This is Confessions of a Closet Christian, the podcast that explores Christianity from a 20-something perspective, relaying modern trends, discoveries, struggles, and pop culture references. I’m Jana Elizabeth – now Doughty – yes, about that name change.
You may have guessed it. I managed to get married. It’s the best thing to ever happen to me and this is coming from the girl who is completely career-oriented and who didn’t want to get married and bear obligatory children until at least age 30.
I met my husband, Russell, in Edinburgh, Scotland in 2010 while I was performing in a show at the Edinburgh Fringe Festival. An officer in the army at the time, Russ was visiting his friends on leave. We met outside a show venue that was made out of purple, inflatable plastic and shaped to look like a cow that was flat out on its back. Frequenters of the festival know it as the “Udder Belly.” Pun completely intended.
We liked each other and experienced lots of moments that were straight out of the Bachelor – like when Russ snuck me into Edinburgh Castle in the middle of the night. We were the only ones there except for a few soldiers who were staying in the castle’s barracks. It was very Disney Princess magical and I couldn’t help loving it.
We saw each other one more time while I was in Edinburgh before going our separate ways. I was meeting a bestie in Spain and Russ was going back to work. We agreed to friend each other on Facebook, but we also kept texting while I was still in Europe. When Russ texted, “I keep thinking of you,” I knew I was in trouble.
Somehow Russ convinced me to let him meet me in New York City on the day I moved there from Maryland. We walked the mutually foreign city, familiarizing ourselves with the grid and somewhere in our conversation, Russ told me “I think we should do this. See each other, although we wouldn’t actually see each other – I mean – I wouldn’t be able to take you out, but I would call you my American girlfriend.”
I didn’t really understand what he was saying, but I said, “Okay,” anyway, hoping there wasn’t a “European girlfriend” or an “African girlfriend” in the picture and figuring this wouldn’t last more than a month.
Twenty-two months later, I’m faced with a predicament. I’d been living in New York, getting involved with an amazing small group of young professional women and I’d begun co-leading my own group. I was attending Redeemer Presbyterian Church and I was falling in love with Tim Keller’s preaching. My faith in the Lord was really growing and taking a precedent in my life that it hadn’t before. Russ, while he wasn’t a Wiccan, was a traditional Christian, much in the sense that he was a Christian by title and that’s where it stopped.
Pain and heartbreak immediately ensued. We both cried in our goodbyes at the airport. We loved each other so much. I begged God to let him come back into my life somehow.
We tried talking on the phone a couple of times, but it only seemed to make us more upset. Sometimes I’d get an email from Russ. One email was filled with inquiries and responses that Russ had sent and received from what looked like every Christian person he’d ever encountered. It would appear Russ knew he needed to make a decision. Figure out why he believes in God or decide he doesn’t all together. It was up to him.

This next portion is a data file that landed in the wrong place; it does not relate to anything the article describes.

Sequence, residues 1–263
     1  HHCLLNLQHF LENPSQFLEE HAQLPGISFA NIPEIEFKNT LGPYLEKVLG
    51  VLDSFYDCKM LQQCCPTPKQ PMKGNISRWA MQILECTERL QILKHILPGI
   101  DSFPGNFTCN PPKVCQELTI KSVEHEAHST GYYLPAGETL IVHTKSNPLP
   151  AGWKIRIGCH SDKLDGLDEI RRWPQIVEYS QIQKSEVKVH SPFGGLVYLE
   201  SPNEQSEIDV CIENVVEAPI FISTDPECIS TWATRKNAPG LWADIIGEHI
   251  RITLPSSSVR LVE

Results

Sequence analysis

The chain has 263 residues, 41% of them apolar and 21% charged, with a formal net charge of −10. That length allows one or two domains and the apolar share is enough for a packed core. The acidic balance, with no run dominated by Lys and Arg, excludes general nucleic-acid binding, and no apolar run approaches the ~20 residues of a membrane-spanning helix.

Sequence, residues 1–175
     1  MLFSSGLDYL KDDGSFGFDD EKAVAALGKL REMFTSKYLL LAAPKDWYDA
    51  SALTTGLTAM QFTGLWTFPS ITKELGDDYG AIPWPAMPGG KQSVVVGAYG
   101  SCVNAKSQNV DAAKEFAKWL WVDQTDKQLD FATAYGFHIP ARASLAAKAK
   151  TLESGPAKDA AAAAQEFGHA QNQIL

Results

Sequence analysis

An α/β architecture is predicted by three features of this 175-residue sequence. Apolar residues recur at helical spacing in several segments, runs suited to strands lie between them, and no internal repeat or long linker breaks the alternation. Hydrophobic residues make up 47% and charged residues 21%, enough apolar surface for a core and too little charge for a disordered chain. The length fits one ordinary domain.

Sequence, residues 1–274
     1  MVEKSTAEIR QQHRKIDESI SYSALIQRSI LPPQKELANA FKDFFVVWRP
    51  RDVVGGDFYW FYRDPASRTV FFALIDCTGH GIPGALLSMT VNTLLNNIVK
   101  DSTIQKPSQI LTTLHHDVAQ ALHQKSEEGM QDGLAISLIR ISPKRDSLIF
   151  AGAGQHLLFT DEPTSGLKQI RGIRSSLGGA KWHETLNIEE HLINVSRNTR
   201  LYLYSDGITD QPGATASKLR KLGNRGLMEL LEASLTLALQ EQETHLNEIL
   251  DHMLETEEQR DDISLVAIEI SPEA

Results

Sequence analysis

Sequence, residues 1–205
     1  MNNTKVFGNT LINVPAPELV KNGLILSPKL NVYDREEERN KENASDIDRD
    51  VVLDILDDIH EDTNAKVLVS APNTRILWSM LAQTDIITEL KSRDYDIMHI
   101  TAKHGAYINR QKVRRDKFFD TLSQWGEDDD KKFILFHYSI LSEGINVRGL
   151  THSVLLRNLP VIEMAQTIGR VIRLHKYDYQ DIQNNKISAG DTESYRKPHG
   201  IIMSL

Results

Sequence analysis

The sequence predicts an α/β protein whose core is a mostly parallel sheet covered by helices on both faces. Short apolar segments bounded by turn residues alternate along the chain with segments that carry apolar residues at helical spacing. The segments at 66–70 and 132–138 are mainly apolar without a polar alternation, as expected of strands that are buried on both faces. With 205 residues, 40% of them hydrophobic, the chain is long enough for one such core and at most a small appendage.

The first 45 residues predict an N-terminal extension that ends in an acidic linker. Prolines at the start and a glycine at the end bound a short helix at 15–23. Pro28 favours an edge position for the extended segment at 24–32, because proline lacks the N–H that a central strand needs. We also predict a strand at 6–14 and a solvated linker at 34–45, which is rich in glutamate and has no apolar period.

A phone call a month later informed me Russ had signed up for an Alpha course that would meet at a church once a week and discuss what it means to believe in Jesus. Another month passed and Russ texted me, saying he had something to tell me. “I’ve been reading a Reason for God by Tim Keller and at the end of the book there’s a prayer of faith and I prayed that prayer,” he told me over the phone.
Tears were streaming from my face. This was everything I’d asked the Lord for, everything my family and friends and small groups were praying for. That Russ would come to faith in Christ.
“I don’t know what this means for us,” he said.
I told him I didn’t know either. We’d have to wait and see what God had for us – if anything at all. We just didn’t know.
The months continued on and we’d talk from time to time. Russ was going to church on his own. I was doing my own thing, working and creating. We both separately reached places of contentment, realizing we might not be together and that really would be okay.
One afternoon on the phone, Russ mentioned he had time off coming up and that he could come visit. Since he was still the best friend I’d ever known, I said, “okay,” figuring in the words of my friend, “What 30 year old comes to know Jesus?! You have to catch them when they’re four or there’s no hope! Why not see what he has to say?!”
Russ arrived in Baltimore and we were nervous. But as soon as we began talking, our year apart disappeared.
I knew Russ’s faith was absolutely genuine when one night of his visit, we were coming back from DC and, as one who suffers from anxiety, I was having a panic attack. Sitting in the Park and Ride outside of Greenbelt station, I was crying in the driver’s seat of the car and saying, “I’m just so afraid one day everyone is just going to stop loving me.” And Russ, who was sitting in the passenger side of the car, got out and came around to my side. He opened the door, put his arms around me, and said, “You will never stop Christ’s love for you. You will never stop my love for you.” And there he was. My miracle. God’s gift to me. And I am truly convinced that no matter what happens in life – career or no career – children or no children, I’m always given everything I need.
You can follow me @JanaDoughty on Twitter or @Jana_Doughty on Instagram. Thank you for listening!
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